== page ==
Bradford Cox is probably the most overworked creative genius in indie rock today. Nearly every press piece currently produced about the Athens, Ga. native praises his relentless, critically acclaimed work in a broad range of musical outfits, most notably the shoegaze-inspired project Deerhunter. Cox has recently found further praise with Atlas Sound, a solo effort created to receive the totality of Cox’s creative energy, allowing the musician to play a more collaborative role in his four-piece Deerhunter outfit.

Atlas Sound

Logos
Kranky

Cox supposedly wanted to achieve a more “international” feel with Logos by incorporating big-name indie rock collaborations and shying away from writing purely autobiographical lyrics. In order to maintain the raw, static-tinged effect heard on previous efforts, nearly all of the songs on Logos are first takes, thus preserving the collection’s unrefined, “live album”-like quality. The finished product is true to its aim: a free-spirited journey through various ambient soundscapes, carefully guided by Cox’s expressive artistry.

Hype for Logos began to escalate within the indie-rock blogosphere this past summer when Cox released “Walkabout,” the album’s collaboration with Animal Collective’s Noah Lennox (a.k.a. Panda Bear). The track’s sampled synth hook, from the Dovers’ “What Am I Going to Do?” channels the summer’s soulful energy, offsetting the rest of the album’s subdued, autumnal gloom.

The record’s second collaborative piece is also its most ambitious — and arguably best — track. Cox’s work with Stereolab’s Laetitia Sadier yielded “Quick Canal,” an epic hymn complete with yearning keyboard strokes, a delicate bassline and Sadier’s tragically haunting vocals tinged with the French singer’s exotic accent. The track was originally an endlessly compelling 15-minute ode before Cox pared it down to a more reasonable eight-and-a-half minutes. While the edit certainly facilitates the song’s momentum within the album’s overarching flow, “Quick Canal” is so effortlessly alluring that listeners probably wouldn’t have noticed if the song continued into further static abstraction for another five minutes.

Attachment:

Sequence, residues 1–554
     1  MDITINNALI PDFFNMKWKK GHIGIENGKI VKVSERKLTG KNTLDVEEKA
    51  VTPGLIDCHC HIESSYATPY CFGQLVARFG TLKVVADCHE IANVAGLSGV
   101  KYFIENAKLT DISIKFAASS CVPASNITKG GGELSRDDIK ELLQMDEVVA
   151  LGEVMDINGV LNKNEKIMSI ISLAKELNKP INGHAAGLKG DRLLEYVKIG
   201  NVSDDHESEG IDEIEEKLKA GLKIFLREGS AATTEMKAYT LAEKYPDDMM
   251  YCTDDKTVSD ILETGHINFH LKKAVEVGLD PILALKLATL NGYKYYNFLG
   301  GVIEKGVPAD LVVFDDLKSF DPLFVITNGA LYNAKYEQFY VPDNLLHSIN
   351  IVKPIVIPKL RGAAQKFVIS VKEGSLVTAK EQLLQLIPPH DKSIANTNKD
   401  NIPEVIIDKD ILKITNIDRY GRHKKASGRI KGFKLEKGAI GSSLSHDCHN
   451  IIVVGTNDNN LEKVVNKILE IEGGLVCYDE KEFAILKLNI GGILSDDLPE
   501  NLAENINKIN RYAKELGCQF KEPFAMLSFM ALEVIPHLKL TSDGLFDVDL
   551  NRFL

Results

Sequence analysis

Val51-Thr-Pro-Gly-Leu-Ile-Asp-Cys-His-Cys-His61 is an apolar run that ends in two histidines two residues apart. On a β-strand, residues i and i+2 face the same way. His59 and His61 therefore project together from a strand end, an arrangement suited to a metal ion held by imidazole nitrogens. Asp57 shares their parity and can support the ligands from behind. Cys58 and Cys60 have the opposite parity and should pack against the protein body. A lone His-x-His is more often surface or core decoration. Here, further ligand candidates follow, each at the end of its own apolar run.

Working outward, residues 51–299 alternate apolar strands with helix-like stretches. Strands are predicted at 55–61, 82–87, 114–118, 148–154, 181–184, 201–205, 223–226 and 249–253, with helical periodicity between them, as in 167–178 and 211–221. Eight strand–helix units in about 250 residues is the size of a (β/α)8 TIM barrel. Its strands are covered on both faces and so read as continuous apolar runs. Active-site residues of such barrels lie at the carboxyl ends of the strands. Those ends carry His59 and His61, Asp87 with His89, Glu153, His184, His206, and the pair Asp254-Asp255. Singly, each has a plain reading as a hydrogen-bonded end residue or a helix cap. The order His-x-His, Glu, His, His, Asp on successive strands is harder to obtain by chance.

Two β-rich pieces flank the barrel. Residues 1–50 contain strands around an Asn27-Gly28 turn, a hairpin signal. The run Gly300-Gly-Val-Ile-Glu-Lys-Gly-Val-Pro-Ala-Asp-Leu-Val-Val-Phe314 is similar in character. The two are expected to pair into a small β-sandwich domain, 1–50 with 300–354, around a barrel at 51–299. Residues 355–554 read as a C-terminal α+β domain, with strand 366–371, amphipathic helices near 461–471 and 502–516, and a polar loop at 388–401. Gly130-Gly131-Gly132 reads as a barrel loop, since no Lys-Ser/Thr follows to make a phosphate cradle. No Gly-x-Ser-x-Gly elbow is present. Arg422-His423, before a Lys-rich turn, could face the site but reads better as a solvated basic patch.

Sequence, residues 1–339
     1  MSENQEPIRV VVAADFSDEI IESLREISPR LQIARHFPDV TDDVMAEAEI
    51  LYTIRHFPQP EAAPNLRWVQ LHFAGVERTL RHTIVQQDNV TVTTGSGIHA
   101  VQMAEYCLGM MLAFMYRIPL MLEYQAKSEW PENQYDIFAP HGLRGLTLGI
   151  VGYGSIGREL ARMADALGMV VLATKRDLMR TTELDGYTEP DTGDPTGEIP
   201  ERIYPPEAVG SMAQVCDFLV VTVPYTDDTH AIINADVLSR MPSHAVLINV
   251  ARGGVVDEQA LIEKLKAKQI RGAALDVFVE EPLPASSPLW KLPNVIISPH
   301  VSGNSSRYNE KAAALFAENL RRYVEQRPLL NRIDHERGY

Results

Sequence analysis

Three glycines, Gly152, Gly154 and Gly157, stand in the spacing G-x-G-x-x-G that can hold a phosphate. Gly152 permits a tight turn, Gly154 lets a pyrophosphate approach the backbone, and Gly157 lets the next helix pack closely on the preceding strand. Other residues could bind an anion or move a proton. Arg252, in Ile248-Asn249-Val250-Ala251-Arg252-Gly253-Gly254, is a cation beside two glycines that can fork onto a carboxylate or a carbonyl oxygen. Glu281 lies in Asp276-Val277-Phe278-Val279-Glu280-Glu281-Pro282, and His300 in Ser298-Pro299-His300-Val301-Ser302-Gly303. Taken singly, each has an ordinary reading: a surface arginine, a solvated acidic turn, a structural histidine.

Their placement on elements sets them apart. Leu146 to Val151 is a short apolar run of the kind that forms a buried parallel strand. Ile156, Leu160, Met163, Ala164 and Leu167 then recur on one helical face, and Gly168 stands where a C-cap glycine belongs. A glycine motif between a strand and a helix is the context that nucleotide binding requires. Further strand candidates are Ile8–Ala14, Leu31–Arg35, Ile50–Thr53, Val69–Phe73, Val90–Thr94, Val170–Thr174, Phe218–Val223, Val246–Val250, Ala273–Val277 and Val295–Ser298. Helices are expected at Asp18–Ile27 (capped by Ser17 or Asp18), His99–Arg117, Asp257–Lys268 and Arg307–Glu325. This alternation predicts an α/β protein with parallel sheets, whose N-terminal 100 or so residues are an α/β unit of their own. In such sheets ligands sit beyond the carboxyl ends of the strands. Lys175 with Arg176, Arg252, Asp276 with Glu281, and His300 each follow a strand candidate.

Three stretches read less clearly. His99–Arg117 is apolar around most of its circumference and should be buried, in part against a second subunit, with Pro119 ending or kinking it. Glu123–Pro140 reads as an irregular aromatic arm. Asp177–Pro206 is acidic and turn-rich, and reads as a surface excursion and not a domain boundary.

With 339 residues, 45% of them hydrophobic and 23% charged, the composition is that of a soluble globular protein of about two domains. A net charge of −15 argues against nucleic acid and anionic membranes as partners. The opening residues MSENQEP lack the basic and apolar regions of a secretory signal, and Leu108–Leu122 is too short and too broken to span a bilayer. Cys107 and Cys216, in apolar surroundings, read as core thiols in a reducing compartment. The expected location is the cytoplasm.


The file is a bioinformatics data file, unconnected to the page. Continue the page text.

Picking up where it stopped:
While both these efforts stand on opposing ends of the album’s musical spectrum, they fit perfectly into the record’s progression. Cox explained that the album is “a collection of songs. There is no ‘filler.’ There are little scrapbook details everywhere,” according to Pitchfork. These words ring true through the album’s eclectic selections, which include dreamy vocalizations over dark drumbeats (“Kid Klimax”), whispered acoustics (“Attic Lights”) and kitschy electrobeat hooks (“Washington School”). Although these assorted musical soundscapes do not fit under one easily regurgitated genre, the album’s lo-fi melodies flow well together and ultimately allow the record to prevail as a whole.

With his latest effort, Bradford Cox succeeds in challenging naysayers who deride the artist’s propensity for nonstop creative exploration. Through his survey of static-driven ambient rock, he has crafted a truly sublime collection of diverse songs that meld into each other and manage to sound fully integrated. Cox has proven himself as a musical innovator, and this fact shines through his solo work. On Logos, he expands upon his own expressive abilities and succeeds in producing yet another luscious, multifaceted album.

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